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Multi-Level Restaurants for a Multi-Level Experience

Photo credit: Jessica Christian

This past May, One65 opened its 25,000-square-foot space in San Francisco’s Union Square. Local news outlets were reporting on the opening like crazy, but the hype carried well beyond our 7X7. Forbes magazine called the restaurant “…one of the biggest and most ambitious restaurant projects San Francisco has seen….” The six-story building houses four unique dining experiences with a French flair. Each floor is fully custom-designed to express the vibe of the specific menu. A boutique and art gallery are also a part of the offering, making One65 much more than a multi-floor restaurant. Chef Claude Le Tohic, who spent the previous few years working in Las Vegas, considers San Francisco the perfect city for this sort of concept and refers to the experience people have in his space as “The Show.”

While chefs trying to create unique experiences for their diners is nothing new, there does seem to be a growing trend toward chefs opening multi-level spaces to provide a wide range of dining and drinking options in one stop. China Live is another San Francisco restaurant embracing this idea with their 30,000-square-foot, multi-level space in Chinatown. It opened in 2017 and is thriving as many other restaurants in the surrounding area are shuttering. San Francisco is not the only city where award-winning chefs are opening these sorts of restaurants. It has been announced that multi-level restaurants will soon open in Detroit, Toronto, and the much-publicized, redeveloping Aurora, Indiana. 

So, what’s behind this seemingly growing trend? Could it be the “experience economy” that Millennials are fueling? A recent Eventbrite study showed that 78% of Millennials would rather spend money on an experience (concerts, dining out, events) than on a physical thing. These multi-level restaurants are certainly delivering a much richer experience than your traditional restaurants do. Toast, a leader in the restaurant technology space, reported earlier this year that 45% of diners go out to eat multiple times a week. By creating a space with multiple dining options under one roof, enterprising chefs are potentially capturing repeat customers to a degree that would not be seen with a traditional, one-menu offering. The National Restaurant Association is reporting that restaurant industry sales are projected to total $863 billion in 2019. With multi-level restaurants dishing out food at a variety of price points, slinging specialty cocktails in a number of different spaces, and even offering boutique shopping experiences alongside noshing and imbibing, the chefs are providing many more opportunities for their customers to hand over their credit cards and settle in for the evening.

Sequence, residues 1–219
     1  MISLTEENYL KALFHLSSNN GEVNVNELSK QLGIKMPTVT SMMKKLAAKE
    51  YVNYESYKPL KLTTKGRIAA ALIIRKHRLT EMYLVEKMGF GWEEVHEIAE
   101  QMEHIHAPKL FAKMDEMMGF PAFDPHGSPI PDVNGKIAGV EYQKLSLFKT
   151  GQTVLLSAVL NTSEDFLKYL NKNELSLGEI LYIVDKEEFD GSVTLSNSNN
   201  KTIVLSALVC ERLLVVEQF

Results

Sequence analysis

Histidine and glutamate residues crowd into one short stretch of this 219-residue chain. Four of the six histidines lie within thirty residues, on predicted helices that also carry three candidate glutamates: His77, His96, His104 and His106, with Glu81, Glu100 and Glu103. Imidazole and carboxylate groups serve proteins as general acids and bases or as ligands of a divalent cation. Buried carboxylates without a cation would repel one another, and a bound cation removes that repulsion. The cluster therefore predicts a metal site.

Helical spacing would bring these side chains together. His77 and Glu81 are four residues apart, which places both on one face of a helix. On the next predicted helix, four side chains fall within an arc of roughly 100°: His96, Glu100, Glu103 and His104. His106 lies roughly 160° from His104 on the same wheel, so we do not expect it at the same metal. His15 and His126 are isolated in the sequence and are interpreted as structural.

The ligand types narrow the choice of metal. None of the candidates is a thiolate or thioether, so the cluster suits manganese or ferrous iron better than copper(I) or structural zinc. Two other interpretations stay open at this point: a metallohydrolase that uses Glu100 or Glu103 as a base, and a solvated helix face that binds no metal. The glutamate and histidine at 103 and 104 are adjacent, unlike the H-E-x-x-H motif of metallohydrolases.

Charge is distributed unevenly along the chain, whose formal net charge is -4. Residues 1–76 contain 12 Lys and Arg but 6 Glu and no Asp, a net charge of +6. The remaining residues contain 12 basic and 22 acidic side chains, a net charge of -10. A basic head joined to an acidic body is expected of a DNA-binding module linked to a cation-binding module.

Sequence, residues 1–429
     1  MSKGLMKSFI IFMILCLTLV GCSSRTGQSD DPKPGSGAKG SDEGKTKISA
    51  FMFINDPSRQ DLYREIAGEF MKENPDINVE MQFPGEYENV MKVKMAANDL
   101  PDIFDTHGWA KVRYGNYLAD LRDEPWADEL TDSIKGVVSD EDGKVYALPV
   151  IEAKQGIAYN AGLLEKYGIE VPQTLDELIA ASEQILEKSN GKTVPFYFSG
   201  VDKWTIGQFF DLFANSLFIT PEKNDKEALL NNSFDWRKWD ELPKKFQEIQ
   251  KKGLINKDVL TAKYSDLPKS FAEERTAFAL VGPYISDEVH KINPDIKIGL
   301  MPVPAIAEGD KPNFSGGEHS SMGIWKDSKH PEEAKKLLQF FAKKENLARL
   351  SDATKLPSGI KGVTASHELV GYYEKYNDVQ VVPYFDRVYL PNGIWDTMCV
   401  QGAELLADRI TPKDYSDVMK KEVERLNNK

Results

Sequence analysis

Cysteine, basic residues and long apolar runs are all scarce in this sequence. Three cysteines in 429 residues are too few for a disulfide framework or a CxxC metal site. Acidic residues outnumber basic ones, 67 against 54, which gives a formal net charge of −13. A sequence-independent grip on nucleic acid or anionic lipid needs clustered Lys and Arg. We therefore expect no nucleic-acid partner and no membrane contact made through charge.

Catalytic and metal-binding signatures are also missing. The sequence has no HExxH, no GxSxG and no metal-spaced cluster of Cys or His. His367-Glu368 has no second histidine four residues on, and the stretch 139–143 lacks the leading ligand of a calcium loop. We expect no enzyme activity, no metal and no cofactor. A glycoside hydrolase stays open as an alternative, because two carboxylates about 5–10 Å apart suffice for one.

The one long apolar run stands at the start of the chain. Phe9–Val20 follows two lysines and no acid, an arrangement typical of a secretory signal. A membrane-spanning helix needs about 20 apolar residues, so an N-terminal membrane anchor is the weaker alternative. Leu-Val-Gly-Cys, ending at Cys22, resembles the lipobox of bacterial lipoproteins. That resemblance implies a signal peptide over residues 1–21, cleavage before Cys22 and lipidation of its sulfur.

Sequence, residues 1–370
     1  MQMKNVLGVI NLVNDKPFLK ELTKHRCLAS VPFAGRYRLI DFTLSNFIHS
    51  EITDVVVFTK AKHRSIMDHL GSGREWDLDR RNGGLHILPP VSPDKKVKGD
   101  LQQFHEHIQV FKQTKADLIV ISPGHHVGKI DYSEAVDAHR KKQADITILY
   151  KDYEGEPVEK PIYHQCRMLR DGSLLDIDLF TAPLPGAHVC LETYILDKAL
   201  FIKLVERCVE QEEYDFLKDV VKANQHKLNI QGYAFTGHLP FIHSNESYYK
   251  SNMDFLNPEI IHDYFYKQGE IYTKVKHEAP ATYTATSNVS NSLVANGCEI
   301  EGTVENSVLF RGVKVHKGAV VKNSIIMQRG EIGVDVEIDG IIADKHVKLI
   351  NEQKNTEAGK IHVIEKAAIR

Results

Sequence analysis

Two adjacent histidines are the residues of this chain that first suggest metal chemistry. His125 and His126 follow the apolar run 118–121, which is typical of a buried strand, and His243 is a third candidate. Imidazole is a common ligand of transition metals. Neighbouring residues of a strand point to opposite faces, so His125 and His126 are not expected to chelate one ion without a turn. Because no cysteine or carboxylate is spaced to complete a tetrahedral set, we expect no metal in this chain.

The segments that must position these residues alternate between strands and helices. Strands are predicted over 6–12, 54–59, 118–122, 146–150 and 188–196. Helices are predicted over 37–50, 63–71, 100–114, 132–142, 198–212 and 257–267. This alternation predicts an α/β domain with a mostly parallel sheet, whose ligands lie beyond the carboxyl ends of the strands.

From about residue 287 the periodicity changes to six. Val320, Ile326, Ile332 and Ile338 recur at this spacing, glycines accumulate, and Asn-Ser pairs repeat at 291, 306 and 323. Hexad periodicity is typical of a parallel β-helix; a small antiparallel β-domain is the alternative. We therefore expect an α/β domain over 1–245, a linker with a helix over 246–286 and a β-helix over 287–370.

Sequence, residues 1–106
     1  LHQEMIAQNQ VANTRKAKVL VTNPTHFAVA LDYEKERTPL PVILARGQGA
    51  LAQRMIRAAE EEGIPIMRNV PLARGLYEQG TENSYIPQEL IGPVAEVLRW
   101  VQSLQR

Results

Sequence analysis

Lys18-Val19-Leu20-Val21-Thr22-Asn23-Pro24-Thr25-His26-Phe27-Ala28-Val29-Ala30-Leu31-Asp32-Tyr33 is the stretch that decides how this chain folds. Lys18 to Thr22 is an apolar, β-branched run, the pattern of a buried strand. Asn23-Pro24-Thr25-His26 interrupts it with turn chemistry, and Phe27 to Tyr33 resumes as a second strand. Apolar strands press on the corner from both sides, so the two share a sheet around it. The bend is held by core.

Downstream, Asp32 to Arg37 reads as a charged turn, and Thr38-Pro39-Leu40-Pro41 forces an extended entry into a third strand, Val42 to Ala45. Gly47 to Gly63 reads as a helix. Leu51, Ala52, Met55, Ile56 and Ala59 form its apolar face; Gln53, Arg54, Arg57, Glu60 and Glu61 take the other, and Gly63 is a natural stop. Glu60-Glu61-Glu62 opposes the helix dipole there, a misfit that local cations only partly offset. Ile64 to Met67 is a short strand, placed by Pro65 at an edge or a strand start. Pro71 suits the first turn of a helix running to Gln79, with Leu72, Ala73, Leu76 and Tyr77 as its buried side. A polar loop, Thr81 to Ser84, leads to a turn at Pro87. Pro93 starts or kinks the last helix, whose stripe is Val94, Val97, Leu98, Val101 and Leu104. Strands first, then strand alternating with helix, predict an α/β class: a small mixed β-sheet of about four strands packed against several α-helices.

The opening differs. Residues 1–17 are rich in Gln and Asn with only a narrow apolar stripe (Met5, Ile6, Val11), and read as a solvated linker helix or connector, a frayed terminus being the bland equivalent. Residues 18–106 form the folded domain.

Whatever’s behind this concept building steam, there is no doubt brand is playing a big role in the creation and success of these spaces–from the chefs’ personal brands, to how the restaurant as a whole is branded, to how each unique offering per floor is branded. It’s actually quite an interesting naming and brand architecture challenge. At Noise 13, we’ve had 20 years of experience in the F&B and hospitality spaces, including branding the Michelin-starred Saison and rebranding the entire Personality Hotel Group’s suite of boutique hotels. We partner with clients who have a tangible product or physical experience that fulfills a true need, thus creating a meaningful connection with consumers. This is exactly what these chefs are doing. and we’re excited to see how they’ll continue to be embraced and who else will jump in.

To read more about the resturants, check out their sites:
https://one65sf.com/ https://chinalivesf.com/ https://www.highlandsdetroit.com/ http://www.gusto501.com/

 

 

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